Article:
If they were sensitive, could someone be so cool? But if they weren’t sensitive, how could they figure out that I had a proper appetite?

Barbara had liberally applied a strong perfume this evening. In the corridor, as I was walking behind her, the strong scent had already hit my nostrils. Now, however, it seemed even stronger.

“Gretel has ended it with your poor brother,” I said, to have something to say.

“You mean Susie. He told me.”

A shrill sound rang out. Was it that smoke alarm again? I looked round in shock. Barbara stayed cool this time too. She is deaf, I thought. She got up and, nonsensically, I believed that she had read my thoughts, now she was insulted and she was going. Really, she was going to the coatrack. Didn’t she need to run off and find out if there was a fire somewhere? She took her purse out of her jacket. Now it was quiet again.

“Dinner’s ready,” she chanted melodically, and left the room.

pp. 144-149

I removed the binoculars from the bag, but when I looked through them I saw nothing new. There must just be a common room on this floor like the one above. 

I crept round the building and saw lit windows. A couple of palms blocked the view. 

Through the binoculars I could see a little more, a few people were sitting on a corner sofa, but I still couldn’t see enough. 

Farther on I discovered a stand of trees. One seemed suitable for climbing. Its branches started low down, so I gave it a go. 

Wood is a warm material, they say, but this wood was cold and raw to the touch, as if it were full of scars. My binoculars were bouncing around under my neck. I had to cling on with every finger. My muscles were overwhelmed, but my rubber soles kept a solid grip. Once I was finally sitting on a branch, the sweat ran down my back. It was rather uncomfortable on this branch, and since I was sitting there so inert, I started to freeze horribly. My hands were stiff, because I didn’t dare stick them in my coat pockets. If I had, I might have lost my balance and flopped over like a bird whose wings had been clipped. I thought of my soft bed. About the stench inside the Sonnenhof. Compared to that, my flat was pure paradise. It wasn’t covered in trash and it didn’t smell. I had often envied people their superior furnishings, but now I was thinking that my place wasn’t so bad after all.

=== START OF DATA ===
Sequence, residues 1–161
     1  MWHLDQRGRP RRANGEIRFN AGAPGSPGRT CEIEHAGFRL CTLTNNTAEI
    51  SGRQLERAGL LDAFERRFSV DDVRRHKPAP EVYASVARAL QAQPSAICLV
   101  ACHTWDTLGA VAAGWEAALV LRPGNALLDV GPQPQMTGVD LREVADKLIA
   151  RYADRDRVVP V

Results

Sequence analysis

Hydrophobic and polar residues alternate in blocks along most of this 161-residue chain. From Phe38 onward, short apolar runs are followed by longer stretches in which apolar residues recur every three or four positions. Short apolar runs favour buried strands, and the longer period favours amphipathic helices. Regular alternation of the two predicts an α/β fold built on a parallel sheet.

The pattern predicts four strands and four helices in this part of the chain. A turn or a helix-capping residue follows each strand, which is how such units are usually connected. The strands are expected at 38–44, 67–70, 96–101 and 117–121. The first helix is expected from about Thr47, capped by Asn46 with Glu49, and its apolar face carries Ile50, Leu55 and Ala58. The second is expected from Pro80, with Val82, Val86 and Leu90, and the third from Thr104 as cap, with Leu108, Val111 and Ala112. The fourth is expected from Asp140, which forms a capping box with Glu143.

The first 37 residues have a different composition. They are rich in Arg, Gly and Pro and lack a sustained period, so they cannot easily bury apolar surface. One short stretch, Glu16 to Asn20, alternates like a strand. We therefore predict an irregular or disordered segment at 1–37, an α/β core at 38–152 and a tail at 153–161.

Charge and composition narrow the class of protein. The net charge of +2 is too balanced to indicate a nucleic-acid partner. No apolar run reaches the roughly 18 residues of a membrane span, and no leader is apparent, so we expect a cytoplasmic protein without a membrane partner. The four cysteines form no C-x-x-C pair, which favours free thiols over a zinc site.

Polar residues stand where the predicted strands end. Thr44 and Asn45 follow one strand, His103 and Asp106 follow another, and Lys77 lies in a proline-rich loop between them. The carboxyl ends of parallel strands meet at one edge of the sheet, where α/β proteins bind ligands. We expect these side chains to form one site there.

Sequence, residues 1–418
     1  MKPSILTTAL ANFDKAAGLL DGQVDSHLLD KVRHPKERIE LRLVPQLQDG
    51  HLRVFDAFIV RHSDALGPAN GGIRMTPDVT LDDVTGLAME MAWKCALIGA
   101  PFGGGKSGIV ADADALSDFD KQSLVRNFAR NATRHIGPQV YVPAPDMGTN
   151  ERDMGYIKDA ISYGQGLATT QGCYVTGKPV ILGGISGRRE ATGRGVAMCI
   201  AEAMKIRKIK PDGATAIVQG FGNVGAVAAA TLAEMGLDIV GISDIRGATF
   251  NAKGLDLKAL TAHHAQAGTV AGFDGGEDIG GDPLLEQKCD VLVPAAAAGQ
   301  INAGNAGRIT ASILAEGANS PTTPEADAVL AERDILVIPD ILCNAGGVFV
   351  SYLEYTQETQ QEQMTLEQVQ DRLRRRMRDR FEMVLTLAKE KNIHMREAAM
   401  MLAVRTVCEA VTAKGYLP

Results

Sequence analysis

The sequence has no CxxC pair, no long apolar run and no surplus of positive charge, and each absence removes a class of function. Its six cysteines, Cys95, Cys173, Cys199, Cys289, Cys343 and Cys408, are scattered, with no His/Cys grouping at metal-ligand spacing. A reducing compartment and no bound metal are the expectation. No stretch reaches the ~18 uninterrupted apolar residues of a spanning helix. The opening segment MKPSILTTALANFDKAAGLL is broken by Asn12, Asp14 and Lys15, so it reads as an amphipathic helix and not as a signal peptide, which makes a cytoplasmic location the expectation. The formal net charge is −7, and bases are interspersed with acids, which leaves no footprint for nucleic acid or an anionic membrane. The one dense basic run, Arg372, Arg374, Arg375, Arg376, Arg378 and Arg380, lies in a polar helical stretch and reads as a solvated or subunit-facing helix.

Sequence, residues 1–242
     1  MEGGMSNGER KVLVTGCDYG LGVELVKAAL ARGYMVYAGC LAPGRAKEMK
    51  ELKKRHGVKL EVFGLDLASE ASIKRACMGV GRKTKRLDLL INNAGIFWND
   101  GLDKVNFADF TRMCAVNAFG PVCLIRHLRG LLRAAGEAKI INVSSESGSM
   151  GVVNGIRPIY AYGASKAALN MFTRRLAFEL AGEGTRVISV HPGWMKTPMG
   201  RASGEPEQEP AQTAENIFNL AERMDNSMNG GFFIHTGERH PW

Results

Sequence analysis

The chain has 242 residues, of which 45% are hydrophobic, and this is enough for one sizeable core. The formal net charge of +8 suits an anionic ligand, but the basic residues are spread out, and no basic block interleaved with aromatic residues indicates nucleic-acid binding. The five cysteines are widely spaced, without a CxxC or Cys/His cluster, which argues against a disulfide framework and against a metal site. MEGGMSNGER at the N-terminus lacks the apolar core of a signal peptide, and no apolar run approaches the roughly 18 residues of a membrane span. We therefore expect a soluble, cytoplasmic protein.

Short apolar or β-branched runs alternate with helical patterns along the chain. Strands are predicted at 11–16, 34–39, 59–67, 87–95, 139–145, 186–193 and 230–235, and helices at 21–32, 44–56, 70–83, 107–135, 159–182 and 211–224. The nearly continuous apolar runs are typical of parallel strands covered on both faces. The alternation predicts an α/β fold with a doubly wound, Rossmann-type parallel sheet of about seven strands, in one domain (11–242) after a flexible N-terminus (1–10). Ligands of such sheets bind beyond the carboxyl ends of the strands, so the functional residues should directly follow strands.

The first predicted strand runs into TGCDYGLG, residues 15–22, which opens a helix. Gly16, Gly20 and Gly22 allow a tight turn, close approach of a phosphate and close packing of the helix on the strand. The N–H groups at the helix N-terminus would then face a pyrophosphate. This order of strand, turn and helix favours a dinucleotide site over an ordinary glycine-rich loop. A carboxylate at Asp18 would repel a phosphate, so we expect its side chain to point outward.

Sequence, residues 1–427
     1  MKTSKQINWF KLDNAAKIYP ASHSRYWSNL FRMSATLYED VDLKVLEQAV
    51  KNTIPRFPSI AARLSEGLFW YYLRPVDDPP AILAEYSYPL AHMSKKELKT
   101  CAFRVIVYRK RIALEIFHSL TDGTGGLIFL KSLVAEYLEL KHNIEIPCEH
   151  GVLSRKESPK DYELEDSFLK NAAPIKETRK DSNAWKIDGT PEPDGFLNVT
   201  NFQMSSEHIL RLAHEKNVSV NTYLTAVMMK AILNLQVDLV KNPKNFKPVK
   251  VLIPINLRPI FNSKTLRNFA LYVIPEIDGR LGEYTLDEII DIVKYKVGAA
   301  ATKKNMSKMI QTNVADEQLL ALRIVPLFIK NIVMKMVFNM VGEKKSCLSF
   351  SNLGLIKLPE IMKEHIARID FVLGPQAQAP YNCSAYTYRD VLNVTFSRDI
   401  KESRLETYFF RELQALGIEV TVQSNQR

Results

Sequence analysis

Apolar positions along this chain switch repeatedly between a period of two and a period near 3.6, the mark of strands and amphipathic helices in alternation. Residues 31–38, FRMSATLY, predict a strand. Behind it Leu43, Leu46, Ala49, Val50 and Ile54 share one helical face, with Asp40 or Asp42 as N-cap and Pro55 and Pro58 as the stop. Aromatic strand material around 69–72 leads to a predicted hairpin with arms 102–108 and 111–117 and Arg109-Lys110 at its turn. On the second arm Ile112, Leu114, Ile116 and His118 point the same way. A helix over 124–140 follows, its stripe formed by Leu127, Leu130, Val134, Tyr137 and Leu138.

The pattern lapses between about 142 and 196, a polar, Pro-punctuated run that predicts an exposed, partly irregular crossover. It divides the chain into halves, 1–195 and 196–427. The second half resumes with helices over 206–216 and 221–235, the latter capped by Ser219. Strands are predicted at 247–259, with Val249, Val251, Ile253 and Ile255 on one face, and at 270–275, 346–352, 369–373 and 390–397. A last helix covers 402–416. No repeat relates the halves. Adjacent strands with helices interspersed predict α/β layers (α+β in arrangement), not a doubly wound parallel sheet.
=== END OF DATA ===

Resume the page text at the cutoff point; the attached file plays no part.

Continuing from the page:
The branch creaked if I moved just a little. But I was sitting here now and here I was going to remain. I lifted the binoculars and looked through them.

Compared to the upper common room, this one was a riot. Three residents were sitting in the TV corner. There was one woman among them. She was short, fat, and too young to be my mother. So she must be in bed, I thought. And all this effort was for nothing. 

I wanted to come down, but when I looked below me I started to get dizzy. I asked myself why it was always easier to go up than to come down.

Maybe gravity is easier to overcome than fear, I mused.